defrauded savers. About 17 to 20 million Russians are thought to have
lost money in dubious investment schemes, about 1,000 of which are
operating in Russia, according to Interior Minister Anatolii Kulikov. --
Penny Morvant

PROTEST PREPARATIONS CONTINUE. Mikhail Shmakov, chairman of the
Federation of Independent Trade Unions of Russia (FNPR), which is
organizing the 27 March day of action, said on 25 March that about 17
million people will take part in rallies and other protests. He appealed
to both workers and the authorities not to give in to acts of
provocation but warned that "some political forces are fostering fear
and hysteria around the forthcoming action and spreading rumors about
pogroms and massive clashes," ITAR-TASS reported. Claiming that the
protest has already yielded fruit, he noted the government's renewed
attention to repaying wage debts. In some areas, protests are already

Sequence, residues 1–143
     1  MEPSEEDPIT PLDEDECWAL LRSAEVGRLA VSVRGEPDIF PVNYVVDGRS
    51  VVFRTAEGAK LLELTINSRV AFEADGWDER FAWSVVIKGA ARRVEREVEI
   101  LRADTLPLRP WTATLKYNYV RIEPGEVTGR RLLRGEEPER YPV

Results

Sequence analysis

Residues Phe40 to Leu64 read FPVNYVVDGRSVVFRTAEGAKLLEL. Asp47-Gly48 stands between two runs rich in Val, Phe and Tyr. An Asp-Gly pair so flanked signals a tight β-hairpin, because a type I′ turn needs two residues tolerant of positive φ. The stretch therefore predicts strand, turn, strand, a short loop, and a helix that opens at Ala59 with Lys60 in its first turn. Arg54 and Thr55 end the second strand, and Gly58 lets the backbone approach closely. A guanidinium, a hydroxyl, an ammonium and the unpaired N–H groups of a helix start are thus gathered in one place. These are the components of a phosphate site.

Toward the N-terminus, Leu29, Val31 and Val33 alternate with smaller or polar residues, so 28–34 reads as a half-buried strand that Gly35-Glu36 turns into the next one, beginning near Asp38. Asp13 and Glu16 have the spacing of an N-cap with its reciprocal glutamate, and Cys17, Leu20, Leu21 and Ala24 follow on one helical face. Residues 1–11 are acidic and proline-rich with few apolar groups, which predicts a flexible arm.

occurring: pensioners in Samara, for example, picketed the oblast
legislature building on 25 March to protest the doubling of rents in
1997, while Nezavisimaya gazeta noted that last week the 21st paratroop
brigade, based in Stavropol, had refused to take part in manouvers in
protest at wage arrears. -- Penny Morvant

CHUBAIS ON THE NEW GOVERNMENT. Speaking to Russian Television (RTR) on
23 March, First Deputy Prime Minister Anatolii Chubais indignantly
denied his interviewer's suggestion that there is a now a "coalition
government" between centrists and radical reformers. Chubais objected in
principle to the idea of making concessions to political parties to
attract people into the government, saying this was a luxury which may
come in three to five years time. He equivocated over the government's
relations with the leaders of the utility monopolies, in one breath
saying "we must work with them," in the next threatening to fire them if
they do not cooperate. He praised new Deputy Prime Minister Alfred Kokh
as such a "strong, professional" man that he will boost budget revenue
to 15 trillion rubles a month, while without him it would have been 5
trillion. -- Peter Rutland

YAVLINSKII ON GOVERNMENT, PROTESTS. Despite repeated attempts to lure